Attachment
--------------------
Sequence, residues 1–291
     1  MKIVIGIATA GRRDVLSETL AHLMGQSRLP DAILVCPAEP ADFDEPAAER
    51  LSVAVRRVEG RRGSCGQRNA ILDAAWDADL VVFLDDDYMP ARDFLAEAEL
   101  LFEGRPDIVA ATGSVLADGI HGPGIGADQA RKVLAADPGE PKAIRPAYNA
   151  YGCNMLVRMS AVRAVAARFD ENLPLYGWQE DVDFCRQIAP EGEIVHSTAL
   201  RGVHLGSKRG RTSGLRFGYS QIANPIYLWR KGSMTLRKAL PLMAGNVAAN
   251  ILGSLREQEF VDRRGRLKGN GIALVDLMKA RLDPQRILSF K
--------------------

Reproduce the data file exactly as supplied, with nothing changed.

Sequence, residues 1–291
     1  MKIVIGIATA GRRDVLSETL AHLMGQSRLP DAILVCPAEP ADFDEPAAER
    51  LSVAVRRVEG RRGSCGQRNA ILDAAWDADL VVFLDDDYMP ARDFLAEAEL
   101  LFEGRPDIVA ATGSVLADGI HGPGIGADQA RKVLAADPGE PKAIRPAYNA
   151  YGCNMLVRMS AVRAVAARFD ENLPLYGWQE DVDFCRQIAP EGEIVHSTAL
   201  RGVHLGSKRG RTSGLRFGYS QIANPIYLWR KGSMTLRKAL PLMAGNVAAN
   251  ILGSLREQEF VDRRGRLKGN GIALVDLMKA RLDPQRILSF K